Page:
generative

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gen·er·a·tive

 (jĕn′ər-ə-tĭv, -ə-rā′-)
adj.
1. Having the ability to originate, produce, or procreate.
2. Of or relating to the production of offspring.
3. Relating to or produced by the rules of a generative grammar.

generative

(ˈdʒɛnərətɪv)
adj
1. (Biology) of or relating to the production of offspring, parts, etc: a generative cell.
2. capable of producing or originating

gen•er•a•tive

(ˈdʒɛn ər ə tɪv, -əˌreɪ tɪv)

adj.
1. capable of producing or creating.
2. pertaining to the production of offspring.
3.
a. of or pertaining to generative grammar.
b. using rules to generate surface linguistic forms from underlying, abstract forms.
[1375–1425; late Middle English < Middle French < Late Latin]
gen′er•a•tive•ly, adv.
gen′er•a•tive•ness, n.
ThesaurusAntonymsRelated WordsSynonymsLegend:
Adj.1.generative - having the ability to produce or originate; "generative power"; "generative forces"
consumptive - tending to consume or use often wastefully; "water suitable for beneficial consumptive uses"; "duties consumptive of time and energy"; "consumptive fires"
2.generative - producing new life or offspring; "the reproductive potential of a species is its relative capacity to reproduce itself under optimal conditions"; "the reproductive or generative organs"
fruitful - productive or conducive to producing in abundance; "be fruitful and multiply"
Translations

generative

[ˈdʒenərətɪv]
A. ADJgenerativo
B. CPD generative grammar Ngramática f generativa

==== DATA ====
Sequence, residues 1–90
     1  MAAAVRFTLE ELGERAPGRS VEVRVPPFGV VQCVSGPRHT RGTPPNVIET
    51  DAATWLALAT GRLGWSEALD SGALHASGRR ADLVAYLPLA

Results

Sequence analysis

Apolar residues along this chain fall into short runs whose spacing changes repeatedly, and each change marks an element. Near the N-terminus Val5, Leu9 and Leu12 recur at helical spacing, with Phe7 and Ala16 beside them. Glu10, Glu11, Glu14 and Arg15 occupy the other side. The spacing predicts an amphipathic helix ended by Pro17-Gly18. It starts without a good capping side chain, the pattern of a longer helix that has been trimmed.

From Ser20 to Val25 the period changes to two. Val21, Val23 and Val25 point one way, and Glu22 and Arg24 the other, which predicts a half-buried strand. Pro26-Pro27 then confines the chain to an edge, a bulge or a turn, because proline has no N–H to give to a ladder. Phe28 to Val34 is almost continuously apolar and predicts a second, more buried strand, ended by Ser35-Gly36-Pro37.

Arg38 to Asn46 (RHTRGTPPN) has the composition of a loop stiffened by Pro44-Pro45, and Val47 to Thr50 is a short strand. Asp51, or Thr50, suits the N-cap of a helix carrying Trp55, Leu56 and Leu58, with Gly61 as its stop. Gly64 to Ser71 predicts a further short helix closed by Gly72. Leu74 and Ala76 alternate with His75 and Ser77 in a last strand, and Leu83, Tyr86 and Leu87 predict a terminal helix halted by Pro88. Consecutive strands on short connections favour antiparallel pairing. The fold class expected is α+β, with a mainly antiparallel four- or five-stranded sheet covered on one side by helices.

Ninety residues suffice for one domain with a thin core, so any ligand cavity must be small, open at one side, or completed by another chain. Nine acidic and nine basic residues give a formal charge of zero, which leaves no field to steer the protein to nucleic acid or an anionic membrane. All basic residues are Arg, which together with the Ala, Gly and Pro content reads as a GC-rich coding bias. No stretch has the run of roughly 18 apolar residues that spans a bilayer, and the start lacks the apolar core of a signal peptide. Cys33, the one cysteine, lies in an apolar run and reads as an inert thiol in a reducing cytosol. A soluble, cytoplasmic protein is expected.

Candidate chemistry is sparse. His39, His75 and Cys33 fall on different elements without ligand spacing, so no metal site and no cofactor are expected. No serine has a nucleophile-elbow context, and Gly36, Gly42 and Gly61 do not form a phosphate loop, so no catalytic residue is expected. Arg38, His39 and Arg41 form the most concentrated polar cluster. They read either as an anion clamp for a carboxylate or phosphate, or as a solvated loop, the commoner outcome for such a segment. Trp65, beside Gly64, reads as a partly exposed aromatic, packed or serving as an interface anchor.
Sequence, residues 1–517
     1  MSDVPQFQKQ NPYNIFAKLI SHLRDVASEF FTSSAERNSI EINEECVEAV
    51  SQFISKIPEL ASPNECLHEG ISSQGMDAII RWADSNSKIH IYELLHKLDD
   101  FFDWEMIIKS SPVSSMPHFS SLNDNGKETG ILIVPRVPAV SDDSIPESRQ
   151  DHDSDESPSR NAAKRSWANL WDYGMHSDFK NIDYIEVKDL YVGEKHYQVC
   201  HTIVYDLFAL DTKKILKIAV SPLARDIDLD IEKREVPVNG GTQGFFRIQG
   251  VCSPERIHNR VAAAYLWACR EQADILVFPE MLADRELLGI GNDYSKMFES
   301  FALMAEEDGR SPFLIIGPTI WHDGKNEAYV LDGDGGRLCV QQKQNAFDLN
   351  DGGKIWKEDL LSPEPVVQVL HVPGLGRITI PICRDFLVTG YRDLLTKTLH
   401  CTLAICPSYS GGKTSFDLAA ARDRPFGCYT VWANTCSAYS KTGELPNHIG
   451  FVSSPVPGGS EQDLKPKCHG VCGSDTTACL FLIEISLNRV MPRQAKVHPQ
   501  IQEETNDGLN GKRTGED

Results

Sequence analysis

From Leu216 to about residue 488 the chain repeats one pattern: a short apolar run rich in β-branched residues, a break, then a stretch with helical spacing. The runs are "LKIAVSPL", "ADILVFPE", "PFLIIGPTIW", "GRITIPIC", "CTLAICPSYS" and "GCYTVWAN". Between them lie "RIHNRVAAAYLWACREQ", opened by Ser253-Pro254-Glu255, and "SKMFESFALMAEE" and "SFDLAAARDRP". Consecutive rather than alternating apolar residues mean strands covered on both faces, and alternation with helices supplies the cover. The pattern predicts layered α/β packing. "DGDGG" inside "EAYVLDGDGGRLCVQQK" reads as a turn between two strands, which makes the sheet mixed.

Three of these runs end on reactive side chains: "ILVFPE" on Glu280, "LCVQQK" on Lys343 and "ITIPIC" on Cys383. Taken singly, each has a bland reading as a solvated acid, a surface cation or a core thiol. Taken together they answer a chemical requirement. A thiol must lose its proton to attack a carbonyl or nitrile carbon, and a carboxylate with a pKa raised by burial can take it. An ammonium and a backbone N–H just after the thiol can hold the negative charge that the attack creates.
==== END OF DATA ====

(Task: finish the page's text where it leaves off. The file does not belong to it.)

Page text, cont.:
generative

[ˈdʒɛnərətɪv] adj
(gen)générateur/trice
(LINGUISTICS)génératif/ive

generative

adj (Biol) → Zeugungs-, generativ (spec); (Elec) → Erzeugungs-; generative organs (Biol) → Zeugungsorgane pl

generative

[ˈdʒɛnərətɪv] adj (Ling) → generativo/a
References in periodicals archive ?
In this sense, there will be moments when something more than paternity, and parenting will have to be addressed, as a set of functions geared towards developing autonomy and a sense of security for children, which guarantees generativeness (17).
These challenges can be summarized in three fundamental ones: the meaning of sexual difference, the lastingness of the promise of love, and the generativeness and the fecundity of conjugal love.
I have elsewhere examined the ways in which contemporary women poets employ traditional images for the female bodyflower, water, earth-retaining the gender identification of these images but transforming their attributes so that flower means force instead of frailty, water means safety instead of death, and earth means creative imagination instead of passive generativeness.

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